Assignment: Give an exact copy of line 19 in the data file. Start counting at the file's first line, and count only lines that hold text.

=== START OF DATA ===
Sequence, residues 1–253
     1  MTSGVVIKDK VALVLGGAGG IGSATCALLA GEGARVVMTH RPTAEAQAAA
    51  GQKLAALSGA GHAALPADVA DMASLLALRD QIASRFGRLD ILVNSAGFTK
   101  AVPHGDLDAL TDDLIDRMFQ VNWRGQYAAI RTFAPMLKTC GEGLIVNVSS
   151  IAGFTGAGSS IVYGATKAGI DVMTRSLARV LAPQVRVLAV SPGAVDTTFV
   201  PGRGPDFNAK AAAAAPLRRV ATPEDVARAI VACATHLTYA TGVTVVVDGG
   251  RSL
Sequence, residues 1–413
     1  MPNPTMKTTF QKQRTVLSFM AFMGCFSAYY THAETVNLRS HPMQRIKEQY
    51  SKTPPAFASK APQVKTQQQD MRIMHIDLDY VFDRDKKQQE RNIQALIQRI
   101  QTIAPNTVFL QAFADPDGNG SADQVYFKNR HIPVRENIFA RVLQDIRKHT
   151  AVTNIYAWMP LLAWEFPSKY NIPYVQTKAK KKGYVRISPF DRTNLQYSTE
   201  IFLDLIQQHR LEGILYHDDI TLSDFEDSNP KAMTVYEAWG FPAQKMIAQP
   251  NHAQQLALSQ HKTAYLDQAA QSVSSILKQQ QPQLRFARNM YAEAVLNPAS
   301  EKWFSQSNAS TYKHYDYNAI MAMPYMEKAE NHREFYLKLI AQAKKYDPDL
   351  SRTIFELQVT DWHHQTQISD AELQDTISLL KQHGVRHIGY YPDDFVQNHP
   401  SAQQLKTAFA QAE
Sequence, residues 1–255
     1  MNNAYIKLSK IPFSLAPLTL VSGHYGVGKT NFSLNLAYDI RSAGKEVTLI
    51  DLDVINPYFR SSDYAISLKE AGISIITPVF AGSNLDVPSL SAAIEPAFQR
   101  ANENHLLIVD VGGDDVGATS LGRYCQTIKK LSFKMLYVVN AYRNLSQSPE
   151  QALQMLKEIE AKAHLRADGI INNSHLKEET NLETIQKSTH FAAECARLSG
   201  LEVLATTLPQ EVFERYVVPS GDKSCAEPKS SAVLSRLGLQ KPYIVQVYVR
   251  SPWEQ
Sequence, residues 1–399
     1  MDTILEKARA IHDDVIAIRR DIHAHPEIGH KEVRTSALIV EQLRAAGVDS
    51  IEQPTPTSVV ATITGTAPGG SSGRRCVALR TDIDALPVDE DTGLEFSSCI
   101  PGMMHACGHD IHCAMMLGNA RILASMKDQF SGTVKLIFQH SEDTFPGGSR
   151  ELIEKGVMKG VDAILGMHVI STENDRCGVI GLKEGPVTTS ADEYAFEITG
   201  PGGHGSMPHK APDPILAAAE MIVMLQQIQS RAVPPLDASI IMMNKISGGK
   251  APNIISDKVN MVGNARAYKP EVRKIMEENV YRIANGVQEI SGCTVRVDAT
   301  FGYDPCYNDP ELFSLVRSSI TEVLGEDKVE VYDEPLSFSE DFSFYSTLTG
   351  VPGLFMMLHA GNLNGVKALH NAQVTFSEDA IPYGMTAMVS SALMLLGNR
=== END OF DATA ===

     1  MNNAYIKLSK IPFSLAPLTL VSGHYGVGKT NFSLNLAYDI RSAGKEVTLI